A New Day


Silence is Betrayal, Pay it Forward

I got my first short story published this week! I am incredibly grateful and excited for this, especially as I feel the message is important. If you would like to read my published story, tip or rate me, please follow the link to my story. As the story is about paying it forward, I do split my tips and proceeds with community charitable needs, and if you love it too, please leave a tip. Currently, the charity I have chosen with this story is to help pay rent and utilities for those who are behind and who have been affected by COVID-19, in the Twin Cities community. https://vocal.media/stories/a-new-day-6z1m2p0cwq.

Thank you so much! I am excited that this was published and grateful for the opportunity that this brings.

By: Gina Bonelli, 2021 Gallery Bonelli Copyright

This morning was different for Cora, as she walked to her second job at the neighborhood bookstore. Just a few weeks ago, her normal walking route through her neighborhood in Minneapolis was filled with familiar sounds of birds, cars, and pedestrians. Now, the streets are filled with people. People everywhere, stretched for miles. Some businesses still smoldering hot ash from fires set to them by outsiders who attempted to fuel hatred towards her community. Other businesses are mere remnants of their former selves, and now reflect the pain felt by her and so many people. Another person lost his life to inhumane cruelty at the hand of some who are filled with hate. The air is filled with an energy of change. Although Cora’s walk was somber from the loss of another community member, another racial injustice done, she could not help but also feel that this time might be different. Change is on the horizon, she said to herself. She paused briefly, kneeled down, smiled at the woman who slept on the cold bench on this side of the street, and placed her last five dollars in the woman’s soiled yet beautiful hands.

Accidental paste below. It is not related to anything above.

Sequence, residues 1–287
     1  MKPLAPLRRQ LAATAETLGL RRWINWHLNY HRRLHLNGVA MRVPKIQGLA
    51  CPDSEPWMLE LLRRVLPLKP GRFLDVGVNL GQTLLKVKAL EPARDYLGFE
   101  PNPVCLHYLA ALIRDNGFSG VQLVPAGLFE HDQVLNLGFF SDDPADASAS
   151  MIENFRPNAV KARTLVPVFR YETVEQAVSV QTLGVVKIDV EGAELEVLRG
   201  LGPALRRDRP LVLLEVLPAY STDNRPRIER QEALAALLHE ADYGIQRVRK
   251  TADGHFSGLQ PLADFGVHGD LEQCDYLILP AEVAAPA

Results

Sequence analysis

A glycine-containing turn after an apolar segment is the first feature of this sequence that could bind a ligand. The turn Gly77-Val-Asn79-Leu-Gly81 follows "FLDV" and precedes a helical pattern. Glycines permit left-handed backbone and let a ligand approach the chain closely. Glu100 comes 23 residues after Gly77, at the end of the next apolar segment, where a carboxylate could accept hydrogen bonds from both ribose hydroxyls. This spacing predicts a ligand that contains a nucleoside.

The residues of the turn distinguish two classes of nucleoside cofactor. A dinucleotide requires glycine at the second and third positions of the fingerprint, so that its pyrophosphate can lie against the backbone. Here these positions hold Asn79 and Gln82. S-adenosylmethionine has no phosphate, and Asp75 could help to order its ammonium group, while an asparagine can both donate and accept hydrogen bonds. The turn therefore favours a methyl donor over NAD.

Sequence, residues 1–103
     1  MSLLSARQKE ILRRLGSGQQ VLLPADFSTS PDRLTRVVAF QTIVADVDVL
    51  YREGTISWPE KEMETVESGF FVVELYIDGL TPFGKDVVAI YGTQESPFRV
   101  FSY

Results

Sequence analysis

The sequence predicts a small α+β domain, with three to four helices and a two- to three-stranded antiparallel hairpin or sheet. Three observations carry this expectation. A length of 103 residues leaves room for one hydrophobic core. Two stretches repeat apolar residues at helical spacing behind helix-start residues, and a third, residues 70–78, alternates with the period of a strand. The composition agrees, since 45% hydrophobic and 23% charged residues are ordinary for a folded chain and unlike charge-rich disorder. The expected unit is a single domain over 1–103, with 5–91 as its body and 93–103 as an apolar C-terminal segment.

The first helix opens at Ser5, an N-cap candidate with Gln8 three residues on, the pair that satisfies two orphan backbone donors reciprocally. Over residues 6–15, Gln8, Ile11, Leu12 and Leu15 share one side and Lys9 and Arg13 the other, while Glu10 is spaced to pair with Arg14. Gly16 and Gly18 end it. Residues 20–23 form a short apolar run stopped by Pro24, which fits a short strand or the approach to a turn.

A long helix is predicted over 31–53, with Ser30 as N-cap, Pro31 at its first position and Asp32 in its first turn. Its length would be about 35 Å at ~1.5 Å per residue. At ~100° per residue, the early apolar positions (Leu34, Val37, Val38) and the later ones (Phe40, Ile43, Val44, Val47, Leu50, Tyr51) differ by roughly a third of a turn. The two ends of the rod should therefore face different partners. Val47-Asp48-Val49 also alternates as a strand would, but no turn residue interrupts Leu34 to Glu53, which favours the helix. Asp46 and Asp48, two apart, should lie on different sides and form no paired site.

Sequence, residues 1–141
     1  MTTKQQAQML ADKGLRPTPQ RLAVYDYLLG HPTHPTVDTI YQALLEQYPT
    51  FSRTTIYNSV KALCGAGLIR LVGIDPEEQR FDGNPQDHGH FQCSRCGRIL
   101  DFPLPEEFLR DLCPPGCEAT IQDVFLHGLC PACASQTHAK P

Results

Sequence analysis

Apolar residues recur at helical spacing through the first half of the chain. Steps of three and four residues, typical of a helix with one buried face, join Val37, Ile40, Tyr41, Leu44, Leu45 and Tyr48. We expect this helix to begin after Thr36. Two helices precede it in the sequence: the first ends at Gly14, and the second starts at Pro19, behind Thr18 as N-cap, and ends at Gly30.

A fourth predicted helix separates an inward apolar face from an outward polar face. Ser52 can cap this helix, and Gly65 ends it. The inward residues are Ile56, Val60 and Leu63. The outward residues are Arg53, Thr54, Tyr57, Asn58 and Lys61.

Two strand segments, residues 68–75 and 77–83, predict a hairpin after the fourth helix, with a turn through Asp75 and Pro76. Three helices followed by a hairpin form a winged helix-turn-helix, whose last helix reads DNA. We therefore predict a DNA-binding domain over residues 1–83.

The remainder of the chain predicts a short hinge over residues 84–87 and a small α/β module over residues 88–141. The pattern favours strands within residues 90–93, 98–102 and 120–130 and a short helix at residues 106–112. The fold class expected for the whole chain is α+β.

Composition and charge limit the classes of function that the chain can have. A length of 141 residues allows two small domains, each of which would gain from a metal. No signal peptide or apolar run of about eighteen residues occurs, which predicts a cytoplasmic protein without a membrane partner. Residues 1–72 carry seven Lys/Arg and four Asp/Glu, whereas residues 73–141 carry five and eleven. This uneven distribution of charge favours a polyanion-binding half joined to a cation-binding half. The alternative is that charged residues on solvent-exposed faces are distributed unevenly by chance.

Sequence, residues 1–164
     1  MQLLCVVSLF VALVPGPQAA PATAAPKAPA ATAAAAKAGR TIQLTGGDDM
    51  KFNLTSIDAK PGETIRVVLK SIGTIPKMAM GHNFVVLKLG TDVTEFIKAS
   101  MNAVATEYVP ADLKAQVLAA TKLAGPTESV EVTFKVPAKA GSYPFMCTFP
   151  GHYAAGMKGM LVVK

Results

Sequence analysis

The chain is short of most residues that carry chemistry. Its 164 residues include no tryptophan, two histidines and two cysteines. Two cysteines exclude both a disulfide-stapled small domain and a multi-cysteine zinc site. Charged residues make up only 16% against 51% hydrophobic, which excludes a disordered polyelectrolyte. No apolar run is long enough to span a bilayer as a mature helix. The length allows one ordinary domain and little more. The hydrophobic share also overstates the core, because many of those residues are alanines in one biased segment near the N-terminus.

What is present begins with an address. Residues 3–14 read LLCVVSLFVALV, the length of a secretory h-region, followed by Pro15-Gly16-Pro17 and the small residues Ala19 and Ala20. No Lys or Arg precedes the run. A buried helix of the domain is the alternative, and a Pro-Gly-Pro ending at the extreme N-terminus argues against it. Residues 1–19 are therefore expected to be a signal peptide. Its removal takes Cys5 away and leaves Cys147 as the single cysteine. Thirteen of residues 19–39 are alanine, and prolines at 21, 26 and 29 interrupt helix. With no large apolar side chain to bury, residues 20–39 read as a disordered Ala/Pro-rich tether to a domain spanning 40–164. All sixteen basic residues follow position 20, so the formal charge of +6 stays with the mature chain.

Cora arrived at the remains of the bookstore she has worked at for the past several years. With sadness in her heart, she eyed the rubble of burned books, soot-filled rubble and scattered glass. “Wait…,” she thought as she starred in disbelief at a little black book, which appeared left undamaged. She swiftly climbed over the pile of ashes to the book, grabbed it off of the ground and began to examine it. The black notebook pages were empty. There was a pocket folder on the end of it and the hardcover very simply had “Silence is Betrayal” typed on it in white font. “Silence is Betrayal,” what an intriguing phrase, Cora thought as she remembered a similar message spoken by Dr. Martin Luther King Jr. She held the Moleskin journal in her hands and wondered what she could do to help break the silence. Then she turned, taking the journal with her, walked to the curb and sat down. Staring off at the crowd of protestors she thought about that day. May 25th, 2020 was the day George Floyd died by the very hands of those employed to protect and serve her community. The flood of anger, sadness, frustration and hopelessness filled her mind. She heard the chants, the cries of outrage, and shuffling of feet all around her. “Justice for Floyd,” the protestors yelled. She wondered if her family members or friends might become the next victims. “Skin color, really would they have done this if George Floyd had been a white man,” she questioned in her head. Feeling even more feverish with rage and grief, she looked down at her new journal again. While she stared at the journal, she remembered seeing an advertisement about a writing competition on social media. “I can break the silence there,” she thought. She stood up, dusted off her jeans and walked back towards her apartment.